As is also illustrated in FIG. 6, given a particular thickness of the metal gate material layer 23, a resulting metal gate 23′ over the channel that separates the source and drain regions 20 is asymmetric with a linewidth less than the channel width, and thus also asymmetric with respect to the source and drain regions 20. Although less preferred, the embodiment also contemplates that given a greater linewidth the metal gate 23′, while aligned with respect to the left hand source and drain region 20 edge, may nonetheless overlap at least an extension region portion of the right hand source and drain region 20.

FIG. 7 first shows a spacer 18″ that results from augmentation and etching of the spacer 18′ that is illustrated in FIG. 6. Typically the spacer 18″ comprises the same dielectric spacer material as the spacer 18′ that is illustrated in FIG. 6. Typically, although not necessarily exclusively, the spacer 18″ is formed incident to a blanket layer deposition of an additional spacer material upon the semiconductor structure of FIG. 6, and a subsequent etchback of that additional blanket spacer material layer and the spacer 18′. When a particularly deposited additional blanket spacer material layer is particularly thick in comparison with the spacer 18′, the spacer 18″ may have approximately equivalent linewidth dimensions upon each side of the metal gate 23′. Under alternative deposition and etch conditions, the spacer 18″ may alternatively have differing linewidth dimensions upon each opposite side of the metal gate 23′.

FIG. 7 next shows a gate dielectric 14′ that results from etching the gate dielectric 14 that is illustrated in FIG. 6, while using the metal gate 23′ and the spacer 18″ as an etch mask. Such etching of the gate dielectric 14 to provide the gate dielectric 14′ may use a wet chemical etch method, as well as a dry plasma etch method, or alternatively a combination of a wet chemical etch method and a dry plasma etch method. Anisotropic dry plasma etch methods are most common insofar as anisotropic dry plasma etch methods provide generally straight sidewalls to anisotropically etched features.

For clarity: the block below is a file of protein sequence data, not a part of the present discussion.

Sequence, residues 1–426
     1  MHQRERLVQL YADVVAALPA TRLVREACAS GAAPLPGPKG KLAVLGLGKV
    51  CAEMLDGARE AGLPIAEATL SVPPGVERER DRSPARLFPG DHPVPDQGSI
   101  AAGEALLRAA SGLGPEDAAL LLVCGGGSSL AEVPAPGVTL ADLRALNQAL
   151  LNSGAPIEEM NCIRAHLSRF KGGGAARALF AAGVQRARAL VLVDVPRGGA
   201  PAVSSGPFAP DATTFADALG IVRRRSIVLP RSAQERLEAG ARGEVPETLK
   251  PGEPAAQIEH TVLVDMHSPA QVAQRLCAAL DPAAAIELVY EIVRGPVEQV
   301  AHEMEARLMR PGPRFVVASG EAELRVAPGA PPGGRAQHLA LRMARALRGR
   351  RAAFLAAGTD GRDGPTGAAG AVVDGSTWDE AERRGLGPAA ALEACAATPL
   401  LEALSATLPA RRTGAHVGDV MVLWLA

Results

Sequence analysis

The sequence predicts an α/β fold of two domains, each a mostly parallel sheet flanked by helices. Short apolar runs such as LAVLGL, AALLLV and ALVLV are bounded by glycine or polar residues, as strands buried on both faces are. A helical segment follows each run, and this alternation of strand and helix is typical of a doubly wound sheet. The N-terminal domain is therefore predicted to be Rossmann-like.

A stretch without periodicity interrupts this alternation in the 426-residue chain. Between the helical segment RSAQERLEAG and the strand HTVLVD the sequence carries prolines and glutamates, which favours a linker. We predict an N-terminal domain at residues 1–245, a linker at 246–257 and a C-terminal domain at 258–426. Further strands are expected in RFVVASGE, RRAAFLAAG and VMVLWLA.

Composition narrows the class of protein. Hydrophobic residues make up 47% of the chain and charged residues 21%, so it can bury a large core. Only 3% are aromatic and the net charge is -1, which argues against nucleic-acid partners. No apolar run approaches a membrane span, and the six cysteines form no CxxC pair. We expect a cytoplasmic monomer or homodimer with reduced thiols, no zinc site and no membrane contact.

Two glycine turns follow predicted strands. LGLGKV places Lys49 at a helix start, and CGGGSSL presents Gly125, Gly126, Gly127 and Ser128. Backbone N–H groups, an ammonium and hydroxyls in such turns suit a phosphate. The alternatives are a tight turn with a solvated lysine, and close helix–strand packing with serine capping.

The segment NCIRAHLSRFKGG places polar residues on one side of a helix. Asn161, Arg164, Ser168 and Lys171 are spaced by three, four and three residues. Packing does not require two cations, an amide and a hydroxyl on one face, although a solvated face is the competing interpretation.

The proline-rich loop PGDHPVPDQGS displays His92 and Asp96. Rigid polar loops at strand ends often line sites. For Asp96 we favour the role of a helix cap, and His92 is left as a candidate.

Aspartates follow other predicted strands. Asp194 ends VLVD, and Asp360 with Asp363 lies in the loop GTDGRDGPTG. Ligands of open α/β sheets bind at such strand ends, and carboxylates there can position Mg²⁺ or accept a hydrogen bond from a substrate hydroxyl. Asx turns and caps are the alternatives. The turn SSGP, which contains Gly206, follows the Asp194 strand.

Finally, FIG. 7 shows a plurality of silicide layers 24′ and 24″ located and formed upon the plurality of source and drain regions 20 that is illustrated in FIG. 6 to provide a left hand source and drain region 20′ upon which is formed the silicide layer 24′ and a right hand source and drain region 20″ upon which is formed the silicide layer 24″.

The silicide layers 24′ and 24″ may comprise any of several silicide forming metals. Non-limiting examples of candidate silicide forming metals include nickel, cobalt, titanium, tungsten, erbium, ytterbium, platinum and vanadium silicide forming metals. Nickel and cobalt silicide forming metals are particularly common. Others of the above enumerated silicide forming metals are less common. Typically, the silicide layers 24′ and 24″ are formed using a salicide method. The salicide method includes: (1) forming a blanket silicide forming metal layer upon the semiconductor structure of FIG. 6 after forming the spacer 18″ and the gate dielectric 14′; (2) thermally annealing the blanket silicide forming metal layer with silicon surfaces which it contacts to selectively form the silicide layers 24′ and 24″ while leaving unreacted metal silicide forming metal layers on, for example, the isolation region 12, the spacer 18″ and the metal gate 23′; and (3) selectively stripping unreacted portions of the silicide forming metal layers from, for example, the isolation region 12, the spacer 18 and the metal gate 23′. Typically, the silicide layers 24′ and 24″ comprise a nickel silicide material or a cobalt silicide material that has a thickness from about 4 to about 20 nanometers.

As is illustrated within the schematic cross-sectional diagram of FIG. 7, the source and drain regions 20′ and 20″, while initially derived from the symmetrically identically dimensioned and shaped source and drain regions 20, are now asymmetric since the silicide layers 24′ and 24″ are asymmetric with respect to the channel, the source and drain regions 20 and 20″ and the metal gate 23′. The silicide layers 24′ and 24″, while generally although not necessarily of different size, may nonetheless be spaced the same distance from the metal gate 23′ under circumstances where the spacer 18″ has the same linewidth on the left hand side of the metal gate 23′ as on the right hand side of the metal gate 23′.